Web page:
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Accounting News Roundup: Yes Robots and Sexually Oriented Business Fees | 10.05.17

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The Institute of Management Accountants, proving again that an accounting trade group can have a sense of humor about itself, released a new ad earlier this week. This time it took on the coming robot apocalypse:

Are they sure that no robots will be sitting at the big conference table with the humans? Will robots be content to stand idly by while the CMA humans keep screwing up the strategy and the decisions? That lack of proactive behavior won’t sit well when performance reviews come around.

Part of the blindspot that humans have, I think, is that we believe we’re indispensable. But artificial intelligence is designed to learn things better than CMA humans can. So eventually, even if the robots are a bunch of white yes men now, they’ll perform better than CMA humans, eventually. The only thing they won’t do is eat the entire platter of danishes. The robots will never eclipse us in eating. Anyway, once we’re all preoccupied with eating pastries and drinking coffee, then the robots will enslave us and we’ll have The Matrix. It’s hard to believe this hasn’t played out sooner.


Nothing throws cold water on anything quite like the tax law. This Bloomberg BNA post discusses various developments in Texas’ “pole tax” aka “sexually oriented business fee” including the especially tedious exercise of defining “nudity” and whether “entertainers were nude enough for the SOBF to apply.” Texas law was changed in January to explain that “some substances, such as latex and paint ‘applied to the body in a liquid or semi-liquid state,'” were not clothing.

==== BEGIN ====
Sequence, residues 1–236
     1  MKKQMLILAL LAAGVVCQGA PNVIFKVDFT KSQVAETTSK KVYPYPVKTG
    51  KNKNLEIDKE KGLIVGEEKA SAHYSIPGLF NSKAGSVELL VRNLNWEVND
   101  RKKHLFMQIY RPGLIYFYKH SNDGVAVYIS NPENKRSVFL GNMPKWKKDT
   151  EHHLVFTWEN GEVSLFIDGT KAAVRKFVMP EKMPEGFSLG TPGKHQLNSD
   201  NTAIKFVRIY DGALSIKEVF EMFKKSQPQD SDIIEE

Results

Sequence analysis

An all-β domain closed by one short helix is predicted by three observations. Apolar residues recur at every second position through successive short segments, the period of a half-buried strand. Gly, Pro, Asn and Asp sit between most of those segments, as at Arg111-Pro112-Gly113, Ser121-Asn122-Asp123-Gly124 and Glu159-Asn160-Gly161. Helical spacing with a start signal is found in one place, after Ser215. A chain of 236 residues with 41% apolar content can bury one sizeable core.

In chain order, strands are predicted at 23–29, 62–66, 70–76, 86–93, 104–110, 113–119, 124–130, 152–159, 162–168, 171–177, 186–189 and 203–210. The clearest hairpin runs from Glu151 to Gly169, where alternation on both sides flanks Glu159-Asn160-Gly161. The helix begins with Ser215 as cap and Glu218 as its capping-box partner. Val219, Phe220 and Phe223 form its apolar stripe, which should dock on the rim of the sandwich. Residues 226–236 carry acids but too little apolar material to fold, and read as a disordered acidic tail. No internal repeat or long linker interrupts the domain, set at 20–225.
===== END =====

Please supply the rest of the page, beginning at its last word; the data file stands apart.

It only took a few months for a case to come up in court:

[T]he regulatory change guided the ruling in Texas Comptroller’s Decision, Hearing No. 112,984 (June 27, 2017). The dancers in that case wore opaque latex tops applied in a liquid form, in addition to shorts. The petitioner asserted that the latex tops counted as clothes, meaning the dancers were not dancing in the nude and the SOBF did not apply. The department relied on the new definition of clothing to argue that the establishment offered nude dancing and was thus a sexually oriented business; the administrative law judge agreed.

I guess these are the kinds of things that keep a tax court busy when your state doesn’t have an income tax.

Previously, on Going Concern…

Greg Kyte’s Exposure Drafts cartoon shows real examples of auditor pride. In Open Items, some asks, “Does anyone have experience with changing from tax to advisory?

In other news:

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Image: iStock/jejim